I scrupulously avoided reading any reviews of Snowpiercer once I became intrigued by the basic premise. Despite this, and not reading anything after seeing it this afternoon, I was aware, in that way we become aware of things through an almost social media osmosis, that it was quickly being heralded as a new film about the 99% and the 1%, about social inequality, and, more importantly, about revolution. In what follows I would like to explore these allegories for at least two reasons. The first, and most basic, is that the film openly invites such readings. Its particular premise, the Earth is frozen after a failed attempt to solve global warming and all of the survivors are left stranded on globe circling train, is so thin in terms of any pretense at credibility, and so packed with allusions and images, I am not sure it is even possible to watch it as "just a movie." Second, and more importantly I am interested in what it means to make or interpret a film as allegory of the present, recognizing of course that the line between making and interpreting can never be rigidly defined. (Spoilers follow)
Tuesday, July 01, 2014
This post is an attempt to draw together two different philosophical precursors to Balibar's philosophical anthropology. That Spinoza and Marx are the precursors in question is news to no one, at least no one familiar with Balibar's work, and yet the particular way they intersect, extend, or complicate each other is often unexamined. Examining them will help develop both the promise and limits of Balibar's philosophical anthropology, as well as set it apart from other philosophical anthopologies after the death of man.
Thursday, June 19, 2014
In a great little text on the "Fragment on Machines" Paolo Virno makes a comparison between Marx's text and the versus of scripture cited by heroes in Westerns. As Virno states, these scripture verses were cited in such a way that they always seemed appropriate, their meaning shifting with every context. (A more contemporary example of this situational hermeneutic can be found in Pulp Fiction in the scene in which Jules reconsiders his particular scriptural fragment.) As Virno argues the "Fragment on Machines" has been used to develop various theoretical positions, from a critique of the supposed neutrality of scientific knowledge, to the "end of work," only to become, through Virno's work and others, a foundational text in formulating the "general intellect" as a productive force and basis for a new collective subjectivity.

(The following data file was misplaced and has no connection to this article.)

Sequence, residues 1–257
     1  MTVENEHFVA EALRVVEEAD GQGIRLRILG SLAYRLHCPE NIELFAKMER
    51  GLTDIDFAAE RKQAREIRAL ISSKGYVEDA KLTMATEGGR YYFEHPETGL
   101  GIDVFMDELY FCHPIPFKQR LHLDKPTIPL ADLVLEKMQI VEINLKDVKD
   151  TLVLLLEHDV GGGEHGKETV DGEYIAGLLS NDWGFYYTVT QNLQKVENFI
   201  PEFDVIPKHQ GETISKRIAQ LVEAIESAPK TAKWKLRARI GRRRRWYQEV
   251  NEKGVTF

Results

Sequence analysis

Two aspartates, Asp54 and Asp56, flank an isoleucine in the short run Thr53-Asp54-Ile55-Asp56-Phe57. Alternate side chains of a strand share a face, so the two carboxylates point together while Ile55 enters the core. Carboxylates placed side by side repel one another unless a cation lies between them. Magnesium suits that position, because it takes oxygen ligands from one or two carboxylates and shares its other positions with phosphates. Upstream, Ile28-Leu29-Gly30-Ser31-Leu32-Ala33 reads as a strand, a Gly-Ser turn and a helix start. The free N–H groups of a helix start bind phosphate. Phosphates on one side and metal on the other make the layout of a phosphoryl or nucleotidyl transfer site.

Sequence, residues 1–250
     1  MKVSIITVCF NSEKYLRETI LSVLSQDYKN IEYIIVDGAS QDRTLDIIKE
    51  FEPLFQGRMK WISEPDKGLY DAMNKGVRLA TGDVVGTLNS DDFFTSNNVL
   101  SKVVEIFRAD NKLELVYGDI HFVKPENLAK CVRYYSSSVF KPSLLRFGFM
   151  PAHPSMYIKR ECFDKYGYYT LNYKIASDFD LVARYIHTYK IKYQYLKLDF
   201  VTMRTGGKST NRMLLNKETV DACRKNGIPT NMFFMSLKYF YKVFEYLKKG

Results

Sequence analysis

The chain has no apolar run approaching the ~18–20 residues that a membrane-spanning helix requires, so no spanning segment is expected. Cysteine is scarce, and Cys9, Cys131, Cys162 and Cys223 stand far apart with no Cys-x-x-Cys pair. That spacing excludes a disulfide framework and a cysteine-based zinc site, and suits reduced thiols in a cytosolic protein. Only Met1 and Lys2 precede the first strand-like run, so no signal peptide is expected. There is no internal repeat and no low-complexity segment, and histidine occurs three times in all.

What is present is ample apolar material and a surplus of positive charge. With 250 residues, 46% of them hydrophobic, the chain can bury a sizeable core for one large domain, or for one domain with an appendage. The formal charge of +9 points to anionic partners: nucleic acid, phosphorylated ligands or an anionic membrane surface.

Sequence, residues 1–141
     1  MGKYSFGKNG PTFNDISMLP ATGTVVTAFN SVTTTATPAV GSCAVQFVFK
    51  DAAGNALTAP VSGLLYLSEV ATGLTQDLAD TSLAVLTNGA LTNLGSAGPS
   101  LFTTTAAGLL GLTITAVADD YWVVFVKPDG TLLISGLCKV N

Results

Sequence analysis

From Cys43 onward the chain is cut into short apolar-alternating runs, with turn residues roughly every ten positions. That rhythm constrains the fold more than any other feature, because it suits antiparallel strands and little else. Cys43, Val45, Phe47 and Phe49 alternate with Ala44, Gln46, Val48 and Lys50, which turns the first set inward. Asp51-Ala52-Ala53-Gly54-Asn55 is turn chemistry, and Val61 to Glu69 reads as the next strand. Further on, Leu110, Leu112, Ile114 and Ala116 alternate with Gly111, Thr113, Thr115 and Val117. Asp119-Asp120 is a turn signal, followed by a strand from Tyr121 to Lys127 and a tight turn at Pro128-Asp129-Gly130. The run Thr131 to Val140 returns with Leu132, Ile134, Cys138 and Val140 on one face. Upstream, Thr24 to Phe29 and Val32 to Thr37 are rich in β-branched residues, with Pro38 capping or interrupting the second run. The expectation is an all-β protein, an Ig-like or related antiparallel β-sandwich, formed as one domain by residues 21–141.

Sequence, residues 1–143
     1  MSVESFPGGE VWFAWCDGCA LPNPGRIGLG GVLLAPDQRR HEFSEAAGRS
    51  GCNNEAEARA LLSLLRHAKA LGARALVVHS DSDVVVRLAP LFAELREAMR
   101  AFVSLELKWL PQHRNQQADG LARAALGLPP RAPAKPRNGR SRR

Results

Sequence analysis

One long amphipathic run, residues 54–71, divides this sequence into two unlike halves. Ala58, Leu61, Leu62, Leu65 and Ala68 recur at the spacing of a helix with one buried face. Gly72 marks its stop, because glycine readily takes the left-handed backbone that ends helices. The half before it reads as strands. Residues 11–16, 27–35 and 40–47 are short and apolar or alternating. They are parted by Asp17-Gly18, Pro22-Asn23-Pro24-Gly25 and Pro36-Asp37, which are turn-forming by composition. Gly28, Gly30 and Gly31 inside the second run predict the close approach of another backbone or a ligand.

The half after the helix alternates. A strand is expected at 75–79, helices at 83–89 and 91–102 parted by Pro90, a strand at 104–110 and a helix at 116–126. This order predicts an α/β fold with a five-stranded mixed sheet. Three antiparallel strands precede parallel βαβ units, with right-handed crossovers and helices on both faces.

Thursday, June 12, 2014
Subjectification, Individuation, and Politics: On Bernard Aspe's Simondon, Politique du Transindividuel
I am going to refrain from beginning this review by pointing out the similarities between Aspe's Simondon, Politique du transindividuel and the manuscript I am currently finishing. Suffice to say I am glad that this book was published towards the end of working on the book, when the differences between my perspective and his can only refine the conclusion and revisions, and not at the beginning of conceiving of the project, when its very existence would put the whole thing into jeopardy. Reading the book can thus be considered an example of the standard practice of transindividuation--the simultaneous constitution of a group of people interested in the same sets of questions and thinkers and of a unique perspective on those questions.